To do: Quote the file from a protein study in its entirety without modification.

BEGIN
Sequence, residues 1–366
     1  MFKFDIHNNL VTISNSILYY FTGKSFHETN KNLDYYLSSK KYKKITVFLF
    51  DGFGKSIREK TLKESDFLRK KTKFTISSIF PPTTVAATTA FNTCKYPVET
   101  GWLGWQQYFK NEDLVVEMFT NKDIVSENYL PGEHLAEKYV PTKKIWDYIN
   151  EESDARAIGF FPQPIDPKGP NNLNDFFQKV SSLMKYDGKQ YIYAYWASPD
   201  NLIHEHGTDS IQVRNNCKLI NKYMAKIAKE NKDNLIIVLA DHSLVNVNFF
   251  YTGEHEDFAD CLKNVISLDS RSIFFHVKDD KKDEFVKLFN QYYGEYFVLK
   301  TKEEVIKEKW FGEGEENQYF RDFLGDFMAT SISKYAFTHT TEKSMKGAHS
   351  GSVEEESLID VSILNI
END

Sequence, residues 1–366
     1  MFKFDIHNNL VTISNSILYY FTGKSFHETN KNLDYYLSSK KYKKITVFLF
    51  DGFGKSIREK TLKESDFLRK KTKFTISSIF PPTTVAATTA FNTCKYPVET
   101  GWLGWQQYFK NEDLVVEMFT NKDIVSENYL PGEHLAEKYV PTKKIWDYIN
   151  EESDARAIGF FPQPIDPKGP NNLNDFFQKV SSLMKYDGKQ YIYAYWASPD
   201  NLIHEHGTDS IQVRNNCKLI NKYMAKIAKE NKDNLIIVLA DHSLVNVNFF
   251  YTGEHEDFAD CLKNVISLDS RSIFFHVKDD KKDEFVKLFN QYYGEYFVLK
   301  TKEEVIKEKW FGEGEENQYF RDFLGDFMAT SISKYAFTHT TEKSMKGAHS
   351  GSVEEESLID VSILNI